The United States Department of Energy, through its Oak Ridge National Laboratory and its management company UT-Battelle, has filed a patent to use graphene for more efficient high frequency coils, also known as Tesla coils. The graphene would wrap around the wires of the coil to act as protection against unwanted eddy currents, making such coils more suitable for wireless power transmission.
United States Patent Application number 20130020877 relates to the field of wireless power transfer, and in particular to graphene-coated coupling coils for reducing alternating current (AC) resistance for high frequency AC applications. Wireless transmission of electrical energy has been a goal of engineers ever since the Serbian-American scientist Nikola Tesla dreamed it up a century ago. Practical and commercial realization of wireless power has been elusive, but hopefully this patent brings us a step closer to charging our mobile devices out of thin air.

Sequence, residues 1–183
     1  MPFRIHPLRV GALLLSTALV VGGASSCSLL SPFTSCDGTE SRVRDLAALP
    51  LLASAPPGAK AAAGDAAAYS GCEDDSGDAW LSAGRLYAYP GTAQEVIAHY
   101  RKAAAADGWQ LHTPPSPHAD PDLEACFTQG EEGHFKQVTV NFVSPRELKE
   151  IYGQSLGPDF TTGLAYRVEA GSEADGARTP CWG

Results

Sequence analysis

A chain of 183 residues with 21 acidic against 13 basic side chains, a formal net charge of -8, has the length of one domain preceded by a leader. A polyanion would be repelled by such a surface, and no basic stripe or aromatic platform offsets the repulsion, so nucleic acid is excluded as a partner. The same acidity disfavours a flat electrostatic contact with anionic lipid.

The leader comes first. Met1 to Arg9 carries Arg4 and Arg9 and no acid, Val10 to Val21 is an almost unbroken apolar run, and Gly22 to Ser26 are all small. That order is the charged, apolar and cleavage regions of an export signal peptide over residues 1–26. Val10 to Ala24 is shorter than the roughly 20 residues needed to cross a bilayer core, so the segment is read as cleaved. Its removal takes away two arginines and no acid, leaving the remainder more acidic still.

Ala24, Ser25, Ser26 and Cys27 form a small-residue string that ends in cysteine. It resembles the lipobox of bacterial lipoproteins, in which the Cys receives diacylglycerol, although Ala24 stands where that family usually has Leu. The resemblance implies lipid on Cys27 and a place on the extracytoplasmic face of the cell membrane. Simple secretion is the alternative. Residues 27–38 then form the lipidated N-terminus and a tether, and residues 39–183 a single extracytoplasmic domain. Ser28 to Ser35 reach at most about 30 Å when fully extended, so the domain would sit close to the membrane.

The problem that the inventors attempt so solve is that of eddy currents, which are parasitic electrical currents that creep up into wires carrying high-frequency alternating currents, in particular when several such wires are near each other. The problem is solved by wrapping the wires in graphene, which provides a short circuit for the eddy currents, while leaving the AC currents intact. The hope is that lower losses in the circuits used to generate and receive wireless power will result in more efficient transmission of power. The receiver is said to be on a vehicle. Tesla also worked on using these coils for shooting out lightning bolts and wireless communication.
The patent application is a beautiful example of technology catching up to dreams of a scientific genius, aiming to fulfil those dreams a century later. May the invention serve mankind as Tesla would have wanted it to.